Let $X_{1}, \ldots, X_{n}$ be random variables with joint density function $f\left(x_{1}, \ldots, x_{n} ; \theta\right)$, where $\theta$ is an unknown parameter. The null hypothesis $H_{0}: \theta=\theta_{0}$ is to be tested against the alternative hypothesis $H_{1}: \theta=\theta_{1}$.

(i) Define the following terms: critical region, Type I error, Type II error, size, power.

(ii) State and prove the Neyman-Pearson lemma.

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• Paper 2, Section II, D

(i) Let $I[y]=\int_{0}^{1}\left(\left(y^{\prime}\right)^{2}-y^{2}\right) d x$, where $y$ is twice differentiable and $y(0)=y(1)=0$. Write down the associated Euler-Lagrange equation and show that the only solution is $y(x)=0$.

(ii) Let $J[y]=\int_{0}^{1}\left(y^{\prime}+y \tan x\right)^{2} d x$, where $y$ is twice differentiable and $y(0)=y(1)=$ 0 . Show that $J[y]=0$ only if $y(x)=0$.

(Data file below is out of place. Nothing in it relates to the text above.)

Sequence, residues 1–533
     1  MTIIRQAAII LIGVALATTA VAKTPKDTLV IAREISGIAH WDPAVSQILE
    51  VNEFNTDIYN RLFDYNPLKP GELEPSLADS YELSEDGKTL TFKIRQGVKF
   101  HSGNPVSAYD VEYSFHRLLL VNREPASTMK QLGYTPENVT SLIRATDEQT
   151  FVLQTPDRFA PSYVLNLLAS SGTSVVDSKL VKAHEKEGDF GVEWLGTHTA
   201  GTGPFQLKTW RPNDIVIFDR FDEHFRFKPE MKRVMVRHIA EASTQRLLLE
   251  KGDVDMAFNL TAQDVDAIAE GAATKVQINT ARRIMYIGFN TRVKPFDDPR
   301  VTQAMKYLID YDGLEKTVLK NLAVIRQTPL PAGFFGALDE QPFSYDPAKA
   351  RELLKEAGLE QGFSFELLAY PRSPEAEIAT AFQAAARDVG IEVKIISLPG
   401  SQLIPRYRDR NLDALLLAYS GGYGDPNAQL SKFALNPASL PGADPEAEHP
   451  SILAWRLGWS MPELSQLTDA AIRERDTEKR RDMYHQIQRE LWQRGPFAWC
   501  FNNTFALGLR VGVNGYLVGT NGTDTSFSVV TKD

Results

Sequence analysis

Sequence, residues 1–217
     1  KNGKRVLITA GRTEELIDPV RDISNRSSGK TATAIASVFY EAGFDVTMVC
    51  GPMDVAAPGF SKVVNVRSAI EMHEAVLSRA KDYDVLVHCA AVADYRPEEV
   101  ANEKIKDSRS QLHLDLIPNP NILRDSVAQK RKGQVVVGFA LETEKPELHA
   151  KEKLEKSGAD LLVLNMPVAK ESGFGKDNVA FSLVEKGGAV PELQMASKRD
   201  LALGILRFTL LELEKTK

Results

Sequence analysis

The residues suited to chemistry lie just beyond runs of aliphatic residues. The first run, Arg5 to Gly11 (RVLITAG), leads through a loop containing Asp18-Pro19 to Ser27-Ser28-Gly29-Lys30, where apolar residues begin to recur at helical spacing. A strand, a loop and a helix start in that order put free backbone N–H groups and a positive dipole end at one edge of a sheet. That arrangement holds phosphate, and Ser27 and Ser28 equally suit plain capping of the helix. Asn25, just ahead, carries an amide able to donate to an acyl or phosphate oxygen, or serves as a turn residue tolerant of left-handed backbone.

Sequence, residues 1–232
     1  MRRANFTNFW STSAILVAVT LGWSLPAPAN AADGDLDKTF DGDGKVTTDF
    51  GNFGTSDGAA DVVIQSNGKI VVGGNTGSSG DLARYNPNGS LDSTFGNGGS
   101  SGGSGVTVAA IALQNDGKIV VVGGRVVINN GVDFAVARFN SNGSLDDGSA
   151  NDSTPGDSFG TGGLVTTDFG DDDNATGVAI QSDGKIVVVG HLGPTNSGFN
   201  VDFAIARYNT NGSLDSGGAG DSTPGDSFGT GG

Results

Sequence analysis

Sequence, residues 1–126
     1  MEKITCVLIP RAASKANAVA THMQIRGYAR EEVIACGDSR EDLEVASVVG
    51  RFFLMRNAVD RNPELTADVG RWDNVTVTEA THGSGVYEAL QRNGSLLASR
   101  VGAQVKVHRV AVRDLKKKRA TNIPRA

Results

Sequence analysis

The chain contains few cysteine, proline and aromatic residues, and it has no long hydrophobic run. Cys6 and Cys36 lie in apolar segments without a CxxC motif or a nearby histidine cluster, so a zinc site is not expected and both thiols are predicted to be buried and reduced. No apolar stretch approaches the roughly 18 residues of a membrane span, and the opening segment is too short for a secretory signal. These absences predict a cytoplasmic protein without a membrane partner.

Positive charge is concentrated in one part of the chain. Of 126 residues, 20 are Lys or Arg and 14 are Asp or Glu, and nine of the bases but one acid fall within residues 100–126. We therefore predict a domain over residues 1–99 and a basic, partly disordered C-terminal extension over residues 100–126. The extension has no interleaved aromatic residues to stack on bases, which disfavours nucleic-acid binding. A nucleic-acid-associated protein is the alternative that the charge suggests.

(iii) Show that $I[y]=J[y]$ and deduce that the extremal value of $I[y]$ is a global minimum.

(iv) Use the second variation of $I[y]$ to verify that the extremal value of $I[y]$ is a local minimum.

(v) How would your answers to part (i) differ in the case $I[y]=\int_{0}^{2 \pi}\left(\left(y^{\prime}\right)^{2}-y^{2}\right) d x$, where $y(0)=y(2 \pi)=0$ ? Show that the solution $y(x)=0$ is not a global minimizer in this case. (You may use without proof the result $I[x(2 \pi-x)]=-\frac{8}{15}\left(2 \pi^{2}-5\right)$.) Explain why the arguments of parts (iii) and (iv) cannot be used.